doi = "10.1080/1028415021000042811",
language = "English (US)",
volume = "6",
pages = "1--10",
journal = "Nutritional Neuroscience",
issn = "1028-415X",
publisher = "Maney Publishing",
number = "1",

}

Gene expression of transferrin and tranferrin receptor in brains of control vs. iron-deficient rats. / Han, Jian; Day, Jonathan R.; Connor, James; Beard, John L.

In: Nutritional Neuroscience, Vol. 6, No. 1, 01.02.2003, p. 1-10.

Research output: Contribution to journalArticle

TY - JOUR

T1 - Gene expression of transferrin and tranferrin receptor in brains of control vs. iron-deficient rats

AU - Han, Jian

AU - Day, Jonathan R.

AU - Connor, James

AU - Beard, John L.

PY - 2003/2/1

Y1 - 2003/2/1

N2 - The mechanism of the regulation of transferrin (Tf) and transferrin receptor (TfR) levels in rat brain by dietary iron status is not fully elucidated. We examined Tf and TfR protein and mRNA contents in various brain regions affected by dietary iron deficiency, and analyzed the relationships between protein and mRNA contents in brains of control vs. iron-deficient rats. In a region-specific fashion, iron-deficient diet decreased significantly brain iron concentration by 22-63%, and increased Tf level by 22-130% and TfR level by 74% in thalamus and 40% in cortex. Tf mRNA content decreased by 20-50% in most brain regions demonstrating inverse correlation of Tf and its mRNA in response to iron deficiency. TfR mRNA levels remained unaffected by iron status. The corpus callosum, white matter of the cerebellum and lateral ventricles expressed highest levels of Tf mRNA, whereas TfR mRNA levels was lowest in these regions, but highest in cortex, hippocampus, and the gray matter of the cerebellum. The data demonstrate that the cells in brain have the capacity to maintain minimum iron levels during iron deficiency. This capacity may be associated with increased iron-Tf uptake from plasma, stabilization of TfR mRNA, or increased Tf mRNA translation efficiency in specific cell types within the brain.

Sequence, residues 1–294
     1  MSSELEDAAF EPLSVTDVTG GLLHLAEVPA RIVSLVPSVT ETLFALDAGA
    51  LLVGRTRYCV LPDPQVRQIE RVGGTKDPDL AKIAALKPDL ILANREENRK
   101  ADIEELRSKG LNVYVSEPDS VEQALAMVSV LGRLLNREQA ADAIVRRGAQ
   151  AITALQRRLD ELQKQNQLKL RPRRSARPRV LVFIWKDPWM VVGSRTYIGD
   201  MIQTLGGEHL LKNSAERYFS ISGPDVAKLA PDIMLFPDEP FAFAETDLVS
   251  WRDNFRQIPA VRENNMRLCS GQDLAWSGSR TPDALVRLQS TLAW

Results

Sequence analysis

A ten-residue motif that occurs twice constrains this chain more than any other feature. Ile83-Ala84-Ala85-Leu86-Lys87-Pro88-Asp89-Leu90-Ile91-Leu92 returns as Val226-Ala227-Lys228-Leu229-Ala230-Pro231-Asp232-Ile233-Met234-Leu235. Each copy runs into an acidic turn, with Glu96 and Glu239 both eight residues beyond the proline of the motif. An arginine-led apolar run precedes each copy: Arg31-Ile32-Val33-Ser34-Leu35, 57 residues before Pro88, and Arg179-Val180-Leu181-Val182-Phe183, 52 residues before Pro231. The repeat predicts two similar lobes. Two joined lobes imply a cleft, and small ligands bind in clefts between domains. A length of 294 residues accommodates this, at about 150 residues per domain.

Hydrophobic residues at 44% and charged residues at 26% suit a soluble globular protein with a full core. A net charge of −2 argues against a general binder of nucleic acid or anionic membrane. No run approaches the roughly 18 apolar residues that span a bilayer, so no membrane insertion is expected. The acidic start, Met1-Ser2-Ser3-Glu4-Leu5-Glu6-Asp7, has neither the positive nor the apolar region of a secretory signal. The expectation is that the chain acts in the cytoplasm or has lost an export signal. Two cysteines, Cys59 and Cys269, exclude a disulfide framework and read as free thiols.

AB - The mechanism of the regulation of transferrin (Tf) and transferrin receptor (TfR) levels in rat brain by dietary iron status is not fully elucidated. We examined Tf and TfR protein and mRNA contents in various brain regions affected by dietary iron deficiency, and analyzed the relationships between protein and mRNA contents in brains of control vs. iron-deficient rats. In a region-specific fashion, iron-deficient diet decreased significantly brain iron concentration by 22-63%, and increased Tf level by 22-130% and TfR level by 74% in thalamus and 40% in cortex. Tf mRNA content decreased by 20-50% in most brain regions demonstrating inverse correlation of Tf and its mRNA in response to iron deficiency. TfR mRNA levels remained unaffected by iron status. The corpus callosum, white matter of the cerebellum and lateral ventricles expressed highest levels of Tf mRNA, whereas TfR mRNA levels was lowest in these regions, but highest in cortex, hippocampus, and the gray matter of the cerebellum. The data demonstrate that the cells in brain have the capacity to maintain minimum iron levels during iron deficiency. This capacity may be associated with increased iron-Tf uptake from plasma, stabilization of TfR mRNA, or increased Tf mRNA translation efficiency in specific cell types within the brain.

UR - http://www.scopus.com/inward/record.url?scp=0037309720&partnerID=8YFLogxK

UR - http://www.scopus.com/inward/citedby.url?scp=0037309720&partnerID=8YFLogxK

U2 - 10.1080/1028415021000042811

DO - 10.1080/1028415021000042811

M3 - Article

VL - 6

SP - 1

EP - 10

JO - Nutritional Neuroscience

JF - Nutritional Neuroscience

SN - 1028-415X

IS - 1

ER -